1. mrieder79
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    mrieder79 Not a ground squirrel

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    How else to improve my writing.

    Discussion in 'General Writing' started by mrieder79, Dec 6, 2013.

    I write 1,000 words a day minimum and spend a minimum of 90 minutes a day reading. I have read On Writing by Steven King. Are there any other suggestions the more experiences writers have to improve the quality of my writing?
     
  2. chicagoliz
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    chicagoliz Contributing Member Contributor

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    You need feedback. I don't mean feedback where people tell you everything you did wrong and how they themselves would have written it, but feedback from other people as far as whether what you have written makes sense, is confusing, is boring, etc. Writing in a vacuum isn't completely helpful. You need to see whether you've really incorporated what you've learned from reading and writing. You need to know whether what you think you've communicated is really what is coming across.
     
  3. Thomas Kitchen
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    Thomas Kitchen Proofreader in the Making Contributor

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    As much as this may be a little annoying, time plays a factor in this as well. My writing has improved tremendously over the past year, and although I'm sure it will slow down, I will not cease to improve, even when I'm 60. There will always be something new to learn.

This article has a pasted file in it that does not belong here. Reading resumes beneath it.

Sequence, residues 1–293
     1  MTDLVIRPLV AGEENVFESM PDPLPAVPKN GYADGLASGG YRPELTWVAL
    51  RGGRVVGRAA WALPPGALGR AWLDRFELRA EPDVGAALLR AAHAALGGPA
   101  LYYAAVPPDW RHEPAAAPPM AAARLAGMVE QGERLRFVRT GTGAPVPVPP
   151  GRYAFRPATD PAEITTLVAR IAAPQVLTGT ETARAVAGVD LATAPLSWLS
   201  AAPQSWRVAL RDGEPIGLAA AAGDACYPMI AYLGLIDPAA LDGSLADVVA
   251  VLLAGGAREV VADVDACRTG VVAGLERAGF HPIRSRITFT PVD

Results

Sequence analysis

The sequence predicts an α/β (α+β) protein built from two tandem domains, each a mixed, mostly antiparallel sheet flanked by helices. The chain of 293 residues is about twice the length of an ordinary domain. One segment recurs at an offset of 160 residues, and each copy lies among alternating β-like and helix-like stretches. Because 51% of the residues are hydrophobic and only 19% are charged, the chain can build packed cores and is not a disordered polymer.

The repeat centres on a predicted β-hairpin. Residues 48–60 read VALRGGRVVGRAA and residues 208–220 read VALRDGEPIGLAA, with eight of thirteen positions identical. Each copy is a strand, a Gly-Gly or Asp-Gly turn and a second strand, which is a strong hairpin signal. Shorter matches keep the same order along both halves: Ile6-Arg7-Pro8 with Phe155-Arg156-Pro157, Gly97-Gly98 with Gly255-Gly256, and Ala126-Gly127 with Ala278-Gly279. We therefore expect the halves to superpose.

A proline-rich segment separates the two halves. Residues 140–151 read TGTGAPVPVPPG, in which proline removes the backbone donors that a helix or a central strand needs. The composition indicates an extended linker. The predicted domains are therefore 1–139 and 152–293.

I suggest you have a look at the ways other writers write. You may not like most of the methods, but one small thing that they do you can apply to your own writing, and it should improve. It's all a matter of refining. :)
     
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  4. Burlbird
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    Burlbird Contributing Member Contributor

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    You need reading experience too. Try to imagine someone building a chair without knowing how the chair looks like, what are the minimum requirements for an object to be called a chair, and how many different shapes can a chair have! So taking a break from writing to go to a library: that's a good way to widen your perspectives.

    And ditch King: at least read what's available online when it comes to narrative techniques, voices, scenes, etc. A lot of great material is available nowadays without $$$. And even a How-to-write book might come in handy (others on this forum might disagree, but I'd say keep those books close, but not closer than a thesaurus: people tend to become religiously bound to them, as if they can resolve all issues and problems).

    And yeah, as Liz says: find feedback. At least a friend. Or your mother, for starts :p
     
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  5. GingerCoffee
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    GingerCoffee Web Surfer Girl Contributor

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    Read more than one 'how to write' book. You don't need to read every word, but writing advice is quite variable and you might fine different jewels in different author's words.